Sexually transmitted infections (STIs) are associated with an increased risk of HIV acquisition and transmission. We estimated the proportion of HIV incidence among men who have sex with men attributable to infection with the two most common bacterial STIs, Neisseria gonorrhoeae (NG) and Chlamydia trachomatis (CT).
We used a stochastic, agent-based model of a sexual network of MSM with co-circulating HIV, NG, and CT infections. Relative risk (RR) multipliers, specific to anatomic site of infection, modified the risk of HIV transmission and acquisition based on STI status. We estimated the effect of NG and CT on HIV incidence overall and on HIV acquisition and HIV transmission separately. Each scenario was simulated for ten years. The population attributable fraction (PAF) was determined for each combination of RRs by comparing the incidence in the final year of a scenario to a scenario in which the RRs associated with NG and CT were set to 1.0.
Overall, 10.4% (IQR: 7.9,12.4) of HIV infections were attributable to NG/CT infection. Then in sensitivity analyses, the PAF for HIV transmission ranged from 3.1% (IQR: 0.5, 5.2) to 20.4% (IQR: 17.8, 22.5) and the PAF for HIV acquisition ranged from 2.0% (IQR: -0.7, 4.3) to 13.8% (IQR: 11.7, 16.0).
Despite challenges in estimating the causal impact of NG/CT on HIV risk, modeling is an alternative approach to quantifying plausible ranges of effects given uncertainty in the biological co-factors. Our estimates represent idealized public health interventions in which STI could be maximally prevented, setting targets for real-world STI interventions that seek to reduce HIV incidence.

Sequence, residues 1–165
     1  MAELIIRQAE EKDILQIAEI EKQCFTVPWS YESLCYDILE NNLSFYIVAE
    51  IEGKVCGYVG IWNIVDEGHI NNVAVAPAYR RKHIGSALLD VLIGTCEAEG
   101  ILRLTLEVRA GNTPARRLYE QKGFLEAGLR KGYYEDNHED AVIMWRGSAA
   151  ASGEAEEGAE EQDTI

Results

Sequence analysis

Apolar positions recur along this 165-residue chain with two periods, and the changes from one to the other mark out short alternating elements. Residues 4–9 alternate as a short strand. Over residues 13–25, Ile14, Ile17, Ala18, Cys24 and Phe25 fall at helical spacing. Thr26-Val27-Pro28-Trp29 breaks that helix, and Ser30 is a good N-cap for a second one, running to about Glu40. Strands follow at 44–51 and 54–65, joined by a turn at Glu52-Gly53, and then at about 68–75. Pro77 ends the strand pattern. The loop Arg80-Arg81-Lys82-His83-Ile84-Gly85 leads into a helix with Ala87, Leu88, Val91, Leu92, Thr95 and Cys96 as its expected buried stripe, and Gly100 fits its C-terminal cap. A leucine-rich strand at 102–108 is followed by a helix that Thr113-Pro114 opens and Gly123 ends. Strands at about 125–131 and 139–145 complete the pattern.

Approximately 10% of incident HIV infections among MSM in the US are caused by prevalent gonorrhea or chlamydia infection.
1Department of Epidemiology, Emory University, Atlanta, Georgia
2Centers for Disease Control and Prevention, Atlanta, Georgia
3Department of Epidemiology and Biostatistics, University at Albany, Albany, New York
Corresponding Author: Jeb Jones, PhD, MPH, MS, 1518 Clifton Road, Room GCR 460, Atlanta, Georgia 30322, P: 404-421-2928, F: 404-712-8392. E: email@example.com
No conflicts to disclose.
This work was supported by Centers for Disease Control and Prevention [grant: U38 PS004646], the National Institutes of Health [grants: R01 HD068395, R21 HD075662, R24 HD042828], and the Emory Center for AIDS Research [grant: P30 AI050409].